One of the nurses—I cannot remember which one; all distinctive features except for eyes were hidden behind masks—was surprised when Micah babbled from the floor by the sofa. “Oh, I didn’t know you had a baby.”

Another nurse with familiar eyes said, “He’s been such a good boy, you’d never know there was a baby in here.”

Thank You, God, for one small blessing.

The evening blurred into night. We hung on grimly to our daughter. Micah fell asleep in his Pack-n-Play, despite Tarica’s ruckus, waking only at midnight. A quick feeding settled him again.

The hospital settled into the quiet hum of the wee hours, and still she fought. Despair clawed at us. How long would this last?

Tarica laughed, surprising us. “I thee…I thee…baby Jesus,” she said, reaching out her hand, lost to a world only she could see.

Linford and I looked at each other. The hours hung haggard on his face. “I can’t take this any longer,” he said. “If this is what she has become, maybe it would be better—”

I pressed my face against the gauze cap that covered the bristling wires on Tarica’s head. I couldn’t stop the tears.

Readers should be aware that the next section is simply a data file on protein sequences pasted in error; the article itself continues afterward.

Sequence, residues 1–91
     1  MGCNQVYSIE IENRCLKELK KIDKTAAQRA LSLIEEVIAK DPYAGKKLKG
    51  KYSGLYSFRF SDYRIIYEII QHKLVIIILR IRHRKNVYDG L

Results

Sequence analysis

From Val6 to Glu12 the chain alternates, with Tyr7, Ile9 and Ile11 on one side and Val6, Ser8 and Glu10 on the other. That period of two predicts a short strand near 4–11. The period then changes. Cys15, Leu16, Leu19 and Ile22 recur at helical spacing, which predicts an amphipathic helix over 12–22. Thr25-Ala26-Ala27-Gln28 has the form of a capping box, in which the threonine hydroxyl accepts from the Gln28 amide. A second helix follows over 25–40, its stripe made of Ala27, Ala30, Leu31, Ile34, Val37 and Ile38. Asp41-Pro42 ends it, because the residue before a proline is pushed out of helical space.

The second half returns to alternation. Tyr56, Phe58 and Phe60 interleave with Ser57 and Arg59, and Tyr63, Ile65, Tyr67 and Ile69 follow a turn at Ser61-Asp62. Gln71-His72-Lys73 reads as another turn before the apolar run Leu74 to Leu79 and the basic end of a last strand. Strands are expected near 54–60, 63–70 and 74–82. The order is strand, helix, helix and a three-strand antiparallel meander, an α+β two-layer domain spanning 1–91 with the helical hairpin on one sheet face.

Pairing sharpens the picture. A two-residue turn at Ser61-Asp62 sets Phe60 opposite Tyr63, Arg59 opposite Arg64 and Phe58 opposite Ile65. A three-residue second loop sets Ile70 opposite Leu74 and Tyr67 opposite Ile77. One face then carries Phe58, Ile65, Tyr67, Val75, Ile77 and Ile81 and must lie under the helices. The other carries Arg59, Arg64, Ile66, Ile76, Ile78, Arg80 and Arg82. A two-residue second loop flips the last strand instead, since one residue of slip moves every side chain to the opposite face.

* * *

The story continues in part four.

17 thoughts on “A Sudden Onset, Part 3

  1. This post brought tears to my eyes. Such sadness. And when I thought of how you must have felt when she didn’t know her mommy. I continue to pray for your family. Glad you are on the other side of that part of your experience.

    • That moment Tarica didn’t recognize me is branded on my memory. Like you, I’m glad this is stuff from months ago. I’m trying not to think about what’s coming. (I have a problem with crossing bridges before I reach them.) Thanks for your prayers, Jolene.

  2. Stephanie,
    First, you are an excellent writer. I’m very moved after reading each post about your daughter and this awful experience. As I’ve said in previous comments, I’m praying for each of you as you continue to walk down this path. May you feel the love and prayers of so many and have peace from above.
    Fondly,
    Ann

    • Thank you, Ann. I’m one of those people who write to process stuff, and right now we have a lot of stuff going on. (More on that in another post I’m still writing.) Yes, I do feel the love and the prayers–and it amazes and humbles me. It is a gift I do not deserve.